I wish you well.

Peace,

Nomad

 
Old 01-04-2001, 02:18 PM   #63
Guest
 
Posts: n/a
Post




penatis: Nomad pretends to have superior knowledge and sources, when in fact he has neither. As I have stated earlier, I am not having a “conversation” with Nomad. I am merely pointing out some of his false assertions. I am not a “rookie” by any stretch of the imagination, but if it makes Nomad feel better, then he can think and say whatever he wishes. This is an open forum. (Many times, it is the insecure who grow impatient and resort to name-calling.)

Much of my irritation has been the result of your refusal to address me directly.

I address those whom I respect. I do not address those who resort to name-calling and condescension.

I find it rude and irritating, but recognize that it is your style, especially considering your agenda (i.e. playing to the crowd rather than carrying on a dialogue with me), so I just have to get used to is.

Every posting on these boards is available to the Secular Web Forum readers. In that sense, everyone is "playing to the crowd." My only "agenda" (on this thread) is refuting Nomad's false assertions and mistakes.

I go through this with a couple of other regulars on these boards, but you are easily the worst of the bunch for this.

What does Nomad mean by "easily the worst of the bunch"? When he has asked for sources, I have provided them. When he has asked for evidence, I have provided it (even if he does not acknowledge this fact). When he has asked for clarification, I have provided it. Furthermore, I have attempted to use common sense and reason in all my postings. When he has insulted me, I have tried to ignore it,and, with the exception of my "No one takes Nomad seriously" comment, I have not insulted him.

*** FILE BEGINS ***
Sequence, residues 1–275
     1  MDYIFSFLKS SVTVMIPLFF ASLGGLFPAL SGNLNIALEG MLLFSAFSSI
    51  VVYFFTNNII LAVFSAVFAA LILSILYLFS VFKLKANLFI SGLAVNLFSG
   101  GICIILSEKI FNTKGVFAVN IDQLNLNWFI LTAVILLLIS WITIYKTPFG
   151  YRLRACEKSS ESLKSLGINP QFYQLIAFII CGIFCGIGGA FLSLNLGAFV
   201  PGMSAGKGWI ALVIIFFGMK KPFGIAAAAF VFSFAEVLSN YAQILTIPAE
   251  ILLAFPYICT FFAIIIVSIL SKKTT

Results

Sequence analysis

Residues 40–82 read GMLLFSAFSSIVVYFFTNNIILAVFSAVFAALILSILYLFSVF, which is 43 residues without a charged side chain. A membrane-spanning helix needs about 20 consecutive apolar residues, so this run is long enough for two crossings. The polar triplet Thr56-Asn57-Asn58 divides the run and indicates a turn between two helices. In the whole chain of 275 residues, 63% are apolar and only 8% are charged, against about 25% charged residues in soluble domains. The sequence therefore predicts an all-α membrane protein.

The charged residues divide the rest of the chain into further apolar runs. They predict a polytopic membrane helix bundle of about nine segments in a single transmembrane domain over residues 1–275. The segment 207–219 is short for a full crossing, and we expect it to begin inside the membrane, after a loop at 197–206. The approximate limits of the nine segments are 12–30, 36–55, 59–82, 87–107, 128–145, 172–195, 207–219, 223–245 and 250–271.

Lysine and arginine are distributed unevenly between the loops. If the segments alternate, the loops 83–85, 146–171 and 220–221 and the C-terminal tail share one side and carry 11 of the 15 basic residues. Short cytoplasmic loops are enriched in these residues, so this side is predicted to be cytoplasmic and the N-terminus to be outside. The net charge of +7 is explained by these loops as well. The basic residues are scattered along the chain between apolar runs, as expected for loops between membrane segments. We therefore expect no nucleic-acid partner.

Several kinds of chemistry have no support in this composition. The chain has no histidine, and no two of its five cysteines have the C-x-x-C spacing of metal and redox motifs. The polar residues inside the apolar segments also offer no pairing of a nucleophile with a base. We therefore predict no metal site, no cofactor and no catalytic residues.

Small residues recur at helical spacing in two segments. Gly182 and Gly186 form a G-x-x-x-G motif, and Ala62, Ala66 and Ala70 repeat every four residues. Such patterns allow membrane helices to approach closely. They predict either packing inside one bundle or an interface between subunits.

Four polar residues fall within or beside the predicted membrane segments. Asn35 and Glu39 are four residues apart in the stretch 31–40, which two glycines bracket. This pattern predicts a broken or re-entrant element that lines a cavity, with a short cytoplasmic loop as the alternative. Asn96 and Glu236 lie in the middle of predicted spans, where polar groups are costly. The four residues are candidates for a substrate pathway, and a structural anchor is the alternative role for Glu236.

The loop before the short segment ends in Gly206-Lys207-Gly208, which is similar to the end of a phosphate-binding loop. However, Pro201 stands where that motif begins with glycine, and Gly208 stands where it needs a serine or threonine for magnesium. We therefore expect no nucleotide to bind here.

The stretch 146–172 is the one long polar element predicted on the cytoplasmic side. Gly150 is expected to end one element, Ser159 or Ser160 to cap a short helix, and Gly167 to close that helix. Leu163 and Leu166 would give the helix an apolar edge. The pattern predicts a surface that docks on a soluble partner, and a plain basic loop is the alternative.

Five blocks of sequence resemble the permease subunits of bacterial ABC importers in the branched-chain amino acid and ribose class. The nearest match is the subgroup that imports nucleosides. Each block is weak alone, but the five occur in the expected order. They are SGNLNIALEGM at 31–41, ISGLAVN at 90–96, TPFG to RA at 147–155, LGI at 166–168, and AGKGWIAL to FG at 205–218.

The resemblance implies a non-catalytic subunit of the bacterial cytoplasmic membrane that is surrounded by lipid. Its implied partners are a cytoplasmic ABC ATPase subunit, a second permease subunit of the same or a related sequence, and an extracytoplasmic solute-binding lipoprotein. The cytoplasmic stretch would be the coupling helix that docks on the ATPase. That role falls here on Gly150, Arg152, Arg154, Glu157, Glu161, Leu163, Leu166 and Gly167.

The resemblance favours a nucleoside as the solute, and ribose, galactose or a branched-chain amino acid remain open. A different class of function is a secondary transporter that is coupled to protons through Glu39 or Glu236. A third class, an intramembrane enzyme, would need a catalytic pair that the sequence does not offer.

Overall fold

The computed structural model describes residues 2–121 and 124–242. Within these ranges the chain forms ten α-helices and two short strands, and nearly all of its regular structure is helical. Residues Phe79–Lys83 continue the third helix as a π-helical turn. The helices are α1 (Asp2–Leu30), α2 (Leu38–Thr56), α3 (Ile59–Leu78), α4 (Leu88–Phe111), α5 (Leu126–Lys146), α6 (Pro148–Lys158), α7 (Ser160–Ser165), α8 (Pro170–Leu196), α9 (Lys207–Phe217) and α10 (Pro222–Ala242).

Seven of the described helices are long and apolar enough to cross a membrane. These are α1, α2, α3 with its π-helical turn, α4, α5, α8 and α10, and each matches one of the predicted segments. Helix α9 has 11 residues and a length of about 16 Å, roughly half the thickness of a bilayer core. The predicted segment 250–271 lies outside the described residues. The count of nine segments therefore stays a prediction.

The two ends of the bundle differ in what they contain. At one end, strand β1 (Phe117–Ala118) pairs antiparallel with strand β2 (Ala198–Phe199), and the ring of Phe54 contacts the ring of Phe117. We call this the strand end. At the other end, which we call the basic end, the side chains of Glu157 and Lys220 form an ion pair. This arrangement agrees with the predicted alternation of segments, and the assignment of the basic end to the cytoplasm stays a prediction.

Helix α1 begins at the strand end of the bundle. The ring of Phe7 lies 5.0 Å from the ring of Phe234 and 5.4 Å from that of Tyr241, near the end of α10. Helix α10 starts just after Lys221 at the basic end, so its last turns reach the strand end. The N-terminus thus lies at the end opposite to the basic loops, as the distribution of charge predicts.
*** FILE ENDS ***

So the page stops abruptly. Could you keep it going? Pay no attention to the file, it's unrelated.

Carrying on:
I believe anyone who has read my commentary in its entirety will agree with me.



 
Old 01-04-2001, 03:00 PM   #64
Guest
 
Posts: n/a
Smile


Nomad: I come to these kinds of forums to learn, and sometimes even to change my mind about some things (but the counter arguments to my own need to be very very good). Apparently, your purposes are different. I understand that you simply wish to present your opinions and to debunk my own with no wish or desire to change anyone's mind at all.

Nomad, I appreciate what you are saying, but let me be perfectly clear about this: I am not here to "debunk" your opinions. Many times you give an opinion, giving the impression it is a fact. All of us do it, but you seem to do it frequently. (This is my opinion, it is not necessarily a fact.)

I created this thread to refute a statement you made to Pompous Bastard. Look at what it has turned into!

Actually, I have gained some knowledge as a result of this excursion into madness. The "irritation" level sometimes ran high, but certainly, it has been a fun-filled intellectual endeavor. Regardless of appearances, I never was angry. I don't believe you were either.